Remember when we all thought that the Internet would cause the car dealership to disappear? We'd all buy our cars online. We'd tell our grandchildren about the days when buying a car meant going to a "car dealership" and spending time with a "car salesperson". Life would be so sweet when car buying became a virtual, friction free experience.
I don't know about you, but the last time I bought a car (a Sienna minivan in 2008 if you must know), I bought it at the Toyota dealership. Same with the car before that. And I'm betting that the next car I buy will also be from the dealer. How about you?
The point is that place-based businesses might be more durable than we give them credit.
How often do we hear that the traditional higher ed campus will disappear like so many record and book stores? Some skepticism may be in order.
What lessons about the future of campus-based higher ed might we learn from the auto dealership?
Survival, But With Challenges:
What would higher ed look like if it followed the path of new car dealers? We would see that most people would still be educated on campuses, just as most new cars are purchased at dealerships. But we would also see a great deal of disruption and change, as well as a re-alignment around fewer campuses each serving more students. According to the National Automobile Dealers Association (NADA), the number of new car dealerships in 1980 was 27,900. By 1995 the number of new car dealers had dropped to 22,800. Today, we have only 17,700 dealerships. Have vehicle sales declined by such large numbers? In 2010 there were about 14.5 million sales and leases of new cars and light trucks (including SUVs and minivans). This is less than the peak of 22.7 million in 2000, but not far off the 15 million new sales or leases in 1990. And again, almost every new car sale is through a dealership.
How have new car sales stayed relatively constant since 1990 (not counting the big dips in 2008 and 2009 during the Great Recession), while the number of dealerships has declined so precipitously? The answer is that the dealerships got bigger. Small car dealers were consolidated under multi-brand mega dealerships. Dealerships that could not achieve scale, or could not diversify by offering a range of popular brands and models, were forced out of business. I am not predicting that one-third of all colleges and universities will close in the next 30 years (as happened to car dealers from 1980 to today), but we should recognize that we could also experience large scale changes. A campus, place-based higher ed system will not go away - but that does not mean that typical college of 2012 will look like the typical college in 2040.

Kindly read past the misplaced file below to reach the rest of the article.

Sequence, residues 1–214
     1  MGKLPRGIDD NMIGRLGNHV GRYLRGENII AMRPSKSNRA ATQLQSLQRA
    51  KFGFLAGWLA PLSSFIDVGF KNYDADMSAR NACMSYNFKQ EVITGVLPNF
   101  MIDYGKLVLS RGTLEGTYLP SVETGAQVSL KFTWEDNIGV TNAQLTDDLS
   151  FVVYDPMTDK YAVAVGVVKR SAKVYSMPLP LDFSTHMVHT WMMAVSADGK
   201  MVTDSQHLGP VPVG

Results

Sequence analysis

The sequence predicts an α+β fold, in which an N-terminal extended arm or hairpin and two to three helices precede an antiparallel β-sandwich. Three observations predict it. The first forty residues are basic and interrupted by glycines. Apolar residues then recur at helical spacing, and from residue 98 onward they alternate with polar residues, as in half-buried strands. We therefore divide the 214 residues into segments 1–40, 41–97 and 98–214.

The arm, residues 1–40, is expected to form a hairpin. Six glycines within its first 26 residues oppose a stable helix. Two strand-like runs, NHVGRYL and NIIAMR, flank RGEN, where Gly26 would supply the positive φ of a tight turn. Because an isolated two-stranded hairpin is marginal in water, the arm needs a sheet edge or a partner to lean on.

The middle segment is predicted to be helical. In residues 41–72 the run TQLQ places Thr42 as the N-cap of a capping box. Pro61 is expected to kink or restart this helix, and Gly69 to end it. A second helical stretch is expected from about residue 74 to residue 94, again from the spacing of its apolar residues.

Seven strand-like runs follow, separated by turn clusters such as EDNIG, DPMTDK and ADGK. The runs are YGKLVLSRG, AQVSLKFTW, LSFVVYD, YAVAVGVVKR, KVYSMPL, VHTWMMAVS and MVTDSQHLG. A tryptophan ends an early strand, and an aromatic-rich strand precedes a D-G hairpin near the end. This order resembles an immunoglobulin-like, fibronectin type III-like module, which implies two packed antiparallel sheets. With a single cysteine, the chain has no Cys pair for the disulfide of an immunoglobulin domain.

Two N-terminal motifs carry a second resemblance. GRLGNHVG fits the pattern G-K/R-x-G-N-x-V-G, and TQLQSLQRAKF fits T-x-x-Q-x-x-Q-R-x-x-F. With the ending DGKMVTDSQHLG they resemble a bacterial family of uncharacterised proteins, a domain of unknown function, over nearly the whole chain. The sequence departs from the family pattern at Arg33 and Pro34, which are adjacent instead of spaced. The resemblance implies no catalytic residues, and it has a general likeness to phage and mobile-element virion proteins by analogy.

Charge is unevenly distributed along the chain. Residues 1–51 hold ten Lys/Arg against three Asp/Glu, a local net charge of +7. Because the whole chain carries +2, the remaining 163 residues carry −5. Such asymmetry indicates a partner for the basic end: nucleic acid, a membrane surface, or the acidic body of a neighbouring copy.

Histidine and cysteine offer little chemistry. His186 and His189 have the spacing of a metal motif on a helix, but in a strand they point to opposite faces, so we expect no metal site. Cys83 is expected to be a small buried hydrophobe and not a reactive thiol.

Survival, But With Changes 1:
We still buy our new cars at the car dealership, but that experience today is very different then in the pre-internet years. Today, we all go to the car dealership having done our web research. We know the invoice price and the MSRP. We may have contacted a number of dealers in our region to find the best price. The web has eliminated much, if not all, of the information asymmetry that drove dealer profits. The Internet has changed how we shop for new cars, if not where we do our new car shopping. We can expect a similar dynamic with our students of the future. The choice to apply or not to apply to our colleges and universities will be based on much better data. Once on campus, they will interact with our faculty and our courses in much different ways. We should expect that an abundance of quality open educational materials, and ubiquitous networked devices such as smart phones and tablets, will change our student's perception of the value of the higher ed services we have traditionally offered.
Survival, But With Changes 2:
The NADA State of the Industry Report 2011 makes for fascinating reading. I always assumed that car dealers made their money by selling new cars. In reality, car dealers make money by selling a whole range of services around those new cars. Finance, insurance and service contracts accounts for almost 30 percent of gross vehicle profit. Your dealer may not make much of a profit on that new car, but can expect to earn more money on your trade-in (after they polish it up and re-sell it). The largest source of profit, however, is in the service department. In 2010 the average car dealership made over $400,000 in profits from the service and parts department, compared with around $100,000 profit for used cars. (New cars have been almost a loss-leader since the Great Recession).
The service and parts department is the cash cow of the auto dealership. This explains why the service department has changed so much over the past 20 years. Today, the average dealership service department stays open for business 56 hours per week. At my local Toyota dealer the service department contains a gorgeous drive-through bay (so I never have to get cold or wet), and I can wait for my minivan to get fixed in a "quiet service lounge" with free wi-fi, comfortable chairs, and pretty decent coffee.
Dealers have had to change how they make money, and it will also be interesting to see how higher ed adapts. The new two-tiered tuition plan at Santa Monica College (a community college) may be one glimpse into the future of new higher ed revenue models.
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